17. It’s funny how free-market Republicans support nuclear power, when it requires such significant government intervention to provide for the raw material, and effectively insure such an undertaking. No private insurance company would, or could, fully insure such a project from liability. Imagine a private insurer needing to evacuate 100,000 people from their homes, let alone a million or more. Talk about a severe market distortion. There would be no such thing as private/corporate nuclear power without massive government involvement. The only way nuclear power happens is through corporatism, where businesses get the government to con the public into supporting what is clearly not in their vested self-interest.

    • Amen, brother. In fact, you CANNOT BUY insurance if anything about your profession includes “nuclear”.

      At ANY price. (Been there, tried that…)

      • Double amen. Since 1957, the federal Price-Anderson Nuclear Industries Indemnity Act has indemnified the nuclear industry against liability claims.

        Why should private owners have the benefit of the profits, if losses will be borne by the public?

        Why do supposedly plucky, rugged individualist entrepreneurs get a ‘nanny-state’ security blanket?

  18. I find the anti-nukes on the left be just as ideologically rigid as those on the right when it comes to the way they treat technology.

    You said that one of the previous posters did nothing to refute your points, but honestly, you made the claim that nuclear energy is “inherently” unsafe and did nothing to prove your claim. And by leaving the terms vague, you fail to establish what “safe” means. For example, how many people have died each year, or suffered health consequences, from traditional energy sources like coal, vs the entire history of nuclear power? Yet no one ever says “coal is inherently unsafe”, meanwhile, millions of kids in China of coughing up ash.

    If nuclear energy is inherently “unsafe”, then why don’t you refute the design of the Generator IV reactors?

    I’m all for alternative energy, but let’s get realistic, we do not have the ability to switch 100% to them given current demands (e.g. the energy storage/variability problem), and any < 100% solution means Oil, Coal, Natural Gas, or Nuclear (not everyone is fortunate enough to have Hydro or Geo resources). Coal means more global warming, more radioactive ash, more mountain top removal mining, overall, coal is far more destructive to human health and the earth.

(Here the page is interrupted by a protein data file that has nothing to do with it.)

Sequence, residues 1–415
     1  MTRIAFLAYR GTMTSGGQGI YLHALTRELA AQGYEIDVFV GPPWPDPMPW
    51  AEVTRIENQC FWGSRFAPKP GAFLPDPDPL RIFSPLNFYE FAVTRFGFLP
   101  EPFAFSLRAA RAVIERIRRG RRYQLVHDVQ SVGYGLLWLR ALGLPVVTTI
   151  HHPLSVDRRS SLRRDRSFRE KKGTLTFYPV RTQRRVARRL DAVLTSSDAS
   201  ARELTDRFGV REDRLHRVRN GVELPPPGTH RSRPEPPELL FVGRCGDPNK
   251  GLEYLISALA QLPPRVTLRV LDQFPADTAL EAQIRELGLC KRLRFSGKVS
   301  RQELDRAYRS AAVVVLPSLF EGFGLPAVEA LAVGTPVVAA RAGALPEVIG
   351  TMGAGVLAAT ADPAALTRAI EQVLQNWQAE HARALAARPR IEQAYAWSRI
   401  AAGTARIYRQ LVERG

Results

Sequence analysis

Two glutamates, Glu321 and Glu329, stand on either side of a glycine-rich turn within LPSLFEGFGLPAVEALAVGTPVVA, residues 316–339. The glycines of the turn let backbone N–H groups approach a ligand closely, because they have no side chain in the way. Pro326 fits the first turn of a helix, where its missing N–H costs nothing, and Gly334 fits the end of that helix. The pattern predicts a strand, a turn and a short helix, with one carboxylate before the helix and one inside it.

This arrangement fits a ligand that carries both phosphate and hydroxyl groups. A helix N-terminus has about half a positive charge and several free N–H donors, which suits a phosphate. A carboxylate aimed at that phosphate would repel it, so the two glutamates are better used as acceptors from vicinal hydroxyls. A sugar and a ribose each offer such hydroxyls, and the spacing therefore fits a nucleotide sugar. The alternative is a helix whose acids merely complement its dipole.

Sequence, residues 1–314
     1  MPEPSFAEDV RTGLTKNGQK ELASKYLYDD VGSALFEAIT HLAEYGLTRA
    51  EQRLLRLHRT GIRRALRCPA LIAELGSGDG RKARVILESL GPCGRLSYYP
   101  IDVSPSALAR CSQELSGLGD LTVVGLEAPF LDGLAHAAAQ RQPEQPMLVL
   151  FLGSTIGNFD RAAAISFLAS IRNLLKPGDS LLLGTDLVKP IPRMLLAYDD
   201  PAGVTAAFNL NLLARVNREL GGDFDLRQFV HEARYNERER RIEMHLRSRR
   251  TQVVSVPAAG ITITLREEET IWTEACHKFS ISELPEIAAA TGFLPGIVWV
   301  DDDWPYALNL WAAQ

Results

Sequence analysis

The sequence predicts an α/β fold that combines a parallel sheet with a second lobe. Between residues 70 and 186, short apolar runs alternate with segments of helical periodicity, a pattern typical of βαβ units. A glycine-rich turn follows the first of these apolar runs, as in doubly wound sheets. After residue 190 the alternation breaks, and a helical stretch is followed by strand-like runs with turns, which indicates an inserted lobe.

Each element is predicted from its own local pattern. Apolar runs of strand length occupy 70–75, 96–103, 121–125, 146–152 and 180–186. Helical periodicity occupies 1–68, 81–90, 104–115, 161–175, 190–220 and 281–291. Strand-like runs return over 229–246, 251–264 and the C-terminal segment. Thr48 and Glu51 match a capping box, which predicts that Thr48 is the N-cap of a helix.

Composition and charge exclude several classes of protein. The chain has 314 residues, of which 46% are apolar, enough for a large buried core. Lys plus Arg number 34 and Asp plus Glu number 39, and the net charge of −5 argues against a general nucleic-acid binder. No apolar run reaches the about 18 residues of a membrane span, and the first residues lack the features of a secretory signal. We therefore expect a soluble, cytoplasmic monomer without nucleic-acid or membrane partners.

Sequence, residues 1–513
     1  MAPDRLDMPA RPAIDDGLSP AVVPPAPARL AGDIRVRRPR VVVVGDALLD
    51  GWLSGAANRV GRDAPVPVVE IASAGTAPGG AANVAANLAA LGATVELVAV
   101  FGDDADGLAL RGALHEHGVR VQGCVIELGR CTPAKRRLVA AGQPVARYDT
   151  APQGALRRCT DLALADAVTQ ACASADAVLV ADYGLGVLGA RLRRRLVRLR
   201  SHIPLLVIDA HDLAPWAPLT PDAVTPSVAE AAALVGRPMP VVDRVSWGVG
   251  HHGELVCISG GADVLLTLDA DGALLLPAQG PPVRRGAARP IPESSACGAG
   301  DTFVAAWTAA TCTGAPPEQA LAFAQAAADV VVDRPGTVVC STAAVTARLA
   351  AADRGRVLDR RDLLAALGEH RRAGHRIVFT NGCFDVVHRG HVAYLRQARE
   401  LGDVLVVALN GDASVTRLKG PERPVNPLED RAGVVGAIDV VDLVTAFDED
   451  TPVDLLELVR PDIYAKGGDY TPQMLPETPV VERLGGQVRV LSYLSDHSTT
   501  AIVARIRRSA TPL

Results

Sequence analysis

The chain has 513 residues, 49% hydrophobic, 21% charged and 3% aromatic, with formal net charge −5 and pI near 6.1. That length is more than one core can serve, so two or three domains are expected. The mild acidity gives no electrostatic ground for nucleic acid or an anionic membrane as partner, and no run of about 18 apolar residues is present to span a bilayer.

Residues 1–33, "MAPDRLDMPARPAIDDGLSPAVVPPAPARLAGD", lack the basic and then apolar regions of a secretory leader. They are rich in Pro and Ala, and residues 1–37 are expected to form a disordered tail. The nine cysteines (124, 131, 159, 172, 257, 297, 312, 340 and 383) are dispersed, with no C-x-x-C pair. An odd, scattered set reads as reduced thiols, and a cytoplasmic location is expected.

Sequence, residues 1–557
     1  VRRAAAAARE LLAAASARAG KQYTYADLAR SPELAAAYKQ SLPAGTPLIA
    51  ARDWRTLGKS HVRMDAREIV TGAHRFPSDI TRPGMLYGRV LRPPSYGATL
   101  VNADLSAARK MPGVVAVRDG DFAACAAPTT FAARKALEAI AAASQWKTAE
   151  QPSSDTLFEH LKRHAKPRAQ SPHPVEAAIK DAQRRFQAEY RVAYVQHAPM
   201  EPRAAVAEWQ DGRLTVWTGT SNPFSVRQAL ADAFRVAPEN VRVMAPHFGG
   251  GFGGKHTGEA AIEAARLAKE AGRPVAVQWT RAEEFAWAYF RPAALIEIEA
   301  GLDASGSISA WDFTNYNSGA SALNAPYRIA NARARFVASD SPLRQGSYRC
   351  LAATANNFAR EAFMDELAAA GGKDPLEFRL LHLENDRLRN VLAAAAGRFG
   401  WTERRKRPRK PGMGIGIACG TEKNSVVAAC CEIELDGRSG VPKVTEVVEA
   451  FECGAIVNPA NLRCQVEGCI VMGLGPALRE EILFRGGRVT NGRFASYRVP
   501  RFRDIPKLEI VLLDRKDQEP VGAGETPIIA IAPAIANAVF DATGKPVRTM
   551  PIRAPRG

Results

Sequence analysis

• You can’t dispose of the waste safely, and the damn things are liable to meltdowns. They’re expensive and dangerous. Put billions into solar and the cost will come down. In the meantime, natural gas is better than nuclear. And, enormous savings could be had from conservation. 1/4 of US buildings aren’t even insulated and parts of many homes, e.g. garages, are not insulated. If you aren’t actually in the nuclear power industry, it makes no sense to promote it.

      • Unfortunately, savings for some means less income for others which doesn’t go down well in the U.S., land of the almighty dollar. If more (influential) people were increasing their income through insulating building, homes and garages, it might fly … but saving money? Who benefits from that (as benefits are defined by an increase in income)?

    • Light water reactors are, by design, extremely UNSAFE. This is because the fuel in the rods is ALWAYS hot – hot enough to melt the rod without constant water cooling, even when the control rods are in place. This is why “depleted” rods must be stored in large concrete pools of water and spaced a wide distance from each other.

      BUT …

      There are reactor designs that can not overheat. They are typically much smaller than the big light water reactors, so when they are used as power stations there has to be a lot more of them, leading to higher construction cost per kilowatt of power.

      As for the waste, that can also be managed by designing better reactors.

      BUT …

      the result would be more material that can be used for weapons.

      BUT …

      The real problem with nuclear reactors is the same exact problem we have with using carbon-based energy, it is FINITE! That is, the amount of raw uranium on the earth, just like oil and coal, is very limited. As a result, if humans ignore the risks of nuclear energy and try to replace all the carbon-based energy with nuclear, within less than 50 years the earth will again face an energy shortage.

      The reality is there are ONLY three energy sources that are “permanent” from a human perspective (thousands of years):

      – The earth’s internal energy (we saw last week just how much energy is inherent in the earth). Although it is hard to harness the energy of earthquakes and plate movement, it is very possible to harness the heat coming from the earth.

      – Gravitational interaction with the earth’s neighbors. This is most visible as tides.

      – Broad spectrum energy from the fusion reaction in the sun. This noy only includes PV cells, but also wind and rain (hydroelectric) because the sun’s energy interacts with the atmosphere.

      For the long term, humans should be moving to using “permanent” sources of energy, instead of the short term energy sources like coal, oil and nuclear.